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Monday, August 18, 2014

Vintage Computers - Paul Terrell - Helps with information about Apple 1 computer in wooden case.

Click on Photo to enlarge
Bugbook Historical Microcomputer Museum
Searching for source of this
 wooden case on my 
Apple 1 Computer
Bugbook Historical Microcomputer Museum
Museum Bugs with
Apple 1 computer 
I received the email below from Paul Terrell 7/4/13 in my hunt to find out where the wooded case on my Apple 1 computer may have originated. Paul started Byte Shop in December 1975 and purchased the first 50 Apple 1 computers from Jobs and Woz. This large purchase played a very important part of the success of the Apple Company start up. Without this purchase and marketing by Byte Shop the Apple Company we know today may not exist.  Paul grew his stores into a franchise operation that reached from the United States to Japan. He also began manufacturing the  "Byte 8" computer for sale in his Byte Shop stores. Paul had a really great idea with his Byte Shop stores. I gleaned  some of this information from Wikipedia - take a look you will find Paul's story a very interesting and an important part of the Personal Computer revolution.
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Here is the email from Paul Terrell:
Bugbook Historical Microcomputer Museum
Paul Terrell
This is from Steve Williams who worked at the Byte Shop in Palo Alto and one of their customers made the wooden cases and sold them to the store managers and owners. I am not sure of the actual wood used but I do remember putting one together myself in the Byte Shop Mt. View (Original store where I bought the first 50 from jobs and Woz) and the wood of that case was not shinny and didn't have any grain to speak of. It could have been Koa . Bob Moody the manager of the Palo Alto store might have a better recollection .
Paul


This must have been written by Steve Williams.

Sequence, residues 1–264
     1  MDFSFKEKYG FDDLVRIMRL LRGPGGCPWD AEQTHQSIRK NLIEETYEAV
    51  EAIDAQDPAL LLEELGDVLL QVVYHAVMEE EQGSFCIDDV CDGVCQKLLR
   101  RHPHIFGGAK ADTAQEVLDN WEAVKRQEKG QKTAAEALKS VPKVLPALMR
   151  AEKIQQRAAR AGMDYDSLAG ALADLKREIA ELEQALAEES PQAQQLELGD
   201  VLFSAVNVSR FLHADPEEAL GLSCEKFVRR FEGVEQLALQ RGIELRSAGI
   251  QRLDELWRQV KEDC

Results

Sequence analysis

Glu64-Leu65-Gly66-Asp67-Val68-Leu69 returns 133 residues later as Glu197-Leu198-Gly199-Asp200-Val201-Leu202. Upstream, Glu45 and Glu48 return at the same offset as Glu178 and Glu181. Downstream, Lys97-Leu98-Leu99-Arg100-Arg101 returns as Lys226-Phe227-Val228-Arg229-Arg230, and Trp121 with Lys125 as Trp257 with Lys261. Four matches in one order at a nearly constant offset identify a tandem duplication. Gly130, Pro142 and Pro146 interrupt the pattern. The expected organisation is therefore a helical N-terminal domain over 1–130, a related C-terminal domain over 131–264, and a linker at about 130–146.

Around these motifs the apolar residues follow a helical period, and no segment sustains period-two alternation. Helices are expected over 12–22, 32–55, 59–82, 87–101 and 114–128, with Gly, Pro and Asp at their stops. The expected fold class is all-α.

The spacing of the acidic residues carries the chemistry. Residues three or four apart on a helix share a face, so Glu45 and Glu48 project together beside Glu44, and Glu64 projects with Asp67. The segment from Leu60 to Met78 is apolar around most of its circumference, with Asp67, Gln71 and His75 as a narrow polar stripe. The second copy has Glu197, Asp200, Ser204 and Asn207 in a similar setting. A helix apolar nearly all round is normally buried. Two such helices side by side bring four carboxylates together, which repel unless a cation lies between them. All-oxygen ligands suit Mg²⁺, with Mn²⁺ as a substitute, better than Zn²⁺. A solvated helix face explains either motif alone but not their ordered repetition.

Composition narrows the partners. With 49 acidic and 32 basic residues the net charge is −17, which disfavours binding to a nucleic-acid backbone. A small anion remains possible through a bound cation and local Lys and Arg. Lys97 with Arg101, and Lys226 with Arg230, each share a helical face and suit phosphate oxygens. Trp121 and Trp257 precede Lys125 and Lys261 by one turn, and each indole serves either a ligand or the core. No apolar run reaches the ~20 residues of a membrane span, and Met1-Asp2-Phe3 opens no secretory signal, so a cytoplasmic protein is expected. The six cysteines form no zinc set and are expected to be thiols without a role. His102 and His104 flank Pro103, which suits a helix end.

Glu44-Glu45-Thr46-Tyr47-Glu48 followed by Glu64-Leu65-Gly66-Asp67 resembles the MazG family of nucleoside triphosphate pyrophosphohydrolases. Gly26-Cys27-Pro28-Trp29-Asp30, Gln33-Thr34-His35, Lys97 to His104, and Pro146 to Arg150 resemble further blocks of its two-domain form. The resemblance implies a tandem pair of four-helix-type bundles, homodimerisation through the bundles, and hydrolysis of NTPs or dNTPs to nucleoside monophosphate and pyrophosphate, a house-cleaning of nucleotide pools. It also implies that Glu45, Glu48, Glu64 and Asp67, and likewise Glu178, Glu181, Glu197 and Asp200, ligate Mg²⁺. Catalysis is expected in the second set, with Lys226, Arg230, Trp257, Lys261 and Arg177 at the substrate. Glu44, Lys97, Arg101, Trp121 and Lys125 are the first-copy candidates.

The Apple 1 pictured wasn't sold by Steve Jobs at the Byte Shop. Rather, Jobs and Woz sold the Apple 1s to the Byte Shop chain as bare boards, and the Byte Shop chased down keyboards and power supplies, and hired somebody to make the wooden cases pictured. In the photo, the really innovative, bare board computer that Jobs and Woz produced is hidden inside the case.

Photo of Apple 1 with keyboard in wood case.

The Byte Shops had bought the Apple 1s during the year prior to my arrival. By the time I got there, the Apple 1s were an annoyance. Most of them didn't work, they weren't selling, and Apple wasn't being very responsive. The wooden cases were really crappy, too. And the surplus keyboards were expensive and in short supply.
One of my first tasks was to carry a whole stack of bad Apple 1 boards back to Apple. My boss gave me directions to a little one-story office mall in Cupertino. I found it modern, but Apple's offices were pretty bare. I arrived bearing my stack of boards, and the four or five Apple people went and retrieved Jobs. He seemed unfazed that a stack of Apple 1 boards had failed. "So, what do you think of the Apple 1?" he asked. I didn't know anything about it, having worked only on SWTPC 6800 micros and the big computers at BYU. I said something like, "I don't know, but my boss thinks they're not very reliable." He wasn't pleased, but breezed off to dazzle the next visitor. He was pretty famous, in a small way, even then.
It was only a few months later that the Apple II became available. It was hotly anticipated by the hobbyists of the time. The first Apple II delivered to a customer was through our store. Someone from Apple drove up from Cupertino and dropped it off at the store. We set it up on a table in the front of the store and called a bunch of our customers to come in and see it. By the time the buyer arrived, there was an SRO crowd trying to see it draw abstract images (in color!) on a TV set we used as a monitor. (That's about all it did, since no software was available for it.) The buyer scooped it up and took it home, and we didn't see another for weeks.
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bugbook Historical Microcomputer Museum
Early Byte Shop Store

I tried to contact Bob Moody the manager of the original Byte Shop Palo Alto store with no luck so far.

Thank you Paul Terrell for this information.


David Larsen
David Larsen KK4WW
I still am not sure of the origin of the wooden case on the Apple 1 computer I purchased from John Burch about 25 years ago. The case is well made and beautiful as you can see from the photo in upper left of this post. I would be delighted to hear from anyone with knowledge of these wooden cases.

."by David Larsen"  KK4WW Computer Collector Historian   
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